– Tej Francis



(CNA) God is purifying his Church through the painful revelations of the abuse scandals, so do not be discouraged, Pope Francis said Thursday in a meeting with the priests of the Diocese of Rome.

“Sin disfigures us, and we experience with pain the humiliating experience of when we ourselves or one of our brother priests or bishops falls into the bottomless pits of vice, corruption or, worse still, of the crime that destroys the lives of others,” he said March 7. Speaking in the Archbasilica of St. John Lateran, Francis told the priests of the Rome diocese that he feels with them “the unbearable pain and suffering that the wave of scandals – which the whole world’s newspapers are now full of – causes in us and in the whole ecclesial body.”

The pope’s remarks were made the same day Cardinal Philippe Barbarin of Lyon was convicted of failing to report allegations abuse by a priest of his archdiocese, and days before Cardinal George Pell will be sentenced in Australia for an abuse conviction handed down in December. The convictions are the latest developments as revelations of clerical sex abuse and cover up continue to send shock waves through the Catholic Church. The United States, Ireland, Australia, Chile, Argentina and Germany are among the countries that have seen recent abuse scandals uncovered.

Pope Francis meets with the priests of the Diocese of Rome every year at the start of Lent. In a change from past meetings, he forwent responding to questions from the priests, opting instead to give both prepared and unprepared remarks. He also heard the confessions of several priests.



(CNA) The New York State Catholic Conference, which represents the state’s 28 bishops, issued a fiery statement on Wednesday opposing plans to legalize recreational marijuana in the state. In a statement released March 6, the bishops said legalization would be disastrous, and accused the state of “encouraging destructive behavior” to raise tax revenue.

Legalizing marijuana for recreational use would be akin to opening a “Pandora’s Box that will have multiple deleterious effects on individuals, families, and all of society,” said the statement. “Vice is not an appropriate economic development engine for a state that prides itself as a national progressive leader,” said the bishops. “Our state motto is Excelsior (ever upward), but policies that exploit addiction instead lead us ever downward.”

New York Gov. Andrew Cuomo (D) announced in late 2018 that he intended to make the legalization of marijuana for recreational use a legislative priority for the coming year, a departure from his past views on the issue. Marijuana for medicinal use has been legal in New York since 2014, and the state legislature may consider a bill in the near future. Legalization efforts are opposed by not only the state’s bishops, but also its law enforcement, medical, and educational communities.

The bishops expressed deep concern that efforts to use the drug to raise state income could have dire consequences for society, and particularly for young marijuana users.  “Of particular concern regarding the movement toward legalization is the impact on children,” the statement said.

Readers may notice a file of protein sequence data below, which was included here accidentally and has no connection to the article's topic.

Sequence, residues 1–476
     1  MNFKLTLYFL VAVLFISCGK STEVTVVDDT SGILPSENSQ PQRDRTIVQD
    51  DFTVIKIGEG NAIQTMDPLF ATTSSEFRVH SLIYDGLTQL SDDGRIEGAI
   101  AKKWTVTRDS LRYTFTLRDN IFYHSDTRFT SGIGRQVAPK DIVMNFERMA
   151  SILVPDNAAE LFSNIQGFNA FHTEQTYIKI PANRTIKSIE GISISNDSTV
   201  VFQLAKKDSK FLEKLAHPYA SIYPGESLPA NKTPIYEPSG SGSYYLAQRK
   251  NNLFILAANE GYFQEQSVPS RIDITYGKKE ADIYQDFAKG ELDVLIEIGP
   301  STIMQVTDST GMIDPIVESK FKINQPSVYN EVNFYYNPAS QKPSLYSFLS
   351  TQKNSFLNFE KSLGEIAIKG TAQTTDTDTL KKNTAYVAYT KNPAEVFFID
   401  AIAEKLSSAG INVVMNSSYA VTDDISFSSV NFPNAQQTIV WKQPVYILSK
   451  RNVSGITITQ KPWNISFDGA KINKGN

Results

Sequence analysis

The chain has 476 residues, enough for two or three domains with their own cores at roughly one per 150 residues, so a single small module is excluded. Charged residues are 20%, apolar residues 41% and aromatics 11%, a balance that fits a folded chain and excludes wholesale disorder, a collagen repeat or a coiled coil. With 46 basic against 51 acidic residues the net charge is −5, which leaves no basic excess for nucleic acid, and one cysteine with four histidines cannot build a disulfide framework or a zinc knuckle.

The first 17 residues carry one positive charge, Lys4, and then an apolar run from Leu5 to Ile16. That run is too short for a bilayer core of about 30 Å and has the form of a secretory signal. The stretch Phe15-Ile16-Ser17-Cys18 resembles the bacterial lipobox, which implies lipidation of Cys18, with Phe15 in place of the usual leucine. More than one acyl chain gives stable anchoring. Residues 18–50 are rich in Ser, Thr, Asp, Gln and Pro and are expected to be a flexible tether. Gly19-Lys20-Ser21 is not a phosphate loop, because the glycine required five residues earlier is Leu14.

“Proponents argue that usage will be restricted to age 21 and older but, as we have seen in the alcohol and tobacco industries, producers of harmful products always find a way to market their products to children.”

The bishops said that no increase in revenue would be worth the “increased teenage and childhood usage, harmful effects on developing brains, addiction, natural progression to harder drug use, increased impairment-related transportation accidents and deaths, and other potential public health and safety issues.”  “We take this issue seriously,” the bishops wrote.



(Agenzia Fides)  There are still civilians held hostage by the militiamen of the Islamic State (Daesh) in the last pocket of territory controlled by the jihadists in the south-east of Syria. And among them, according to Kurdish sources re-launched by the Lebanese media, there is also Roman Jesuit Father Paolo Dall’Oglio, who disappeared in July 2013 in Raqqa, which was then the Syrian stronghold of Daesh. The Lebanese newspaper Al-Akhbar, close to the Shiite Hezbollah Party, writes that the release of Father Paolo, along with that of other Kurdish and Western hostages, is imminent.

According to the Lebanese newspaper, the negotiations for the release of Father Paolo and of other hostages have intensified in recent days, and an agreement has already been reached between the militia of Daesh and the Kurdish-Syrian forces backed by the US. One of the sources cited by Al-Akhbar reports that among the requests for the release of Dall’Oglio there is a request for a “pass” to guarantee the flight of some jihadist leaders.

On July 29, 2013 the Jesuit and Roman Islamologist Paolo Dall’Oglio, was kidnapped in Raqqa, a city in Syria then controlled by the jihadist militias of Daesh. On January 30th, the relatives of Father Paolo were received in private audience by Pope Francis. In all these years, public initiatives throughout the world have kept the attention on the fate of the Jesuit alive. Last February 13, a torchlight procession in his name was organized in Rome by the “Association of journalists, friends of Father Paolo Dall’Oglio”.

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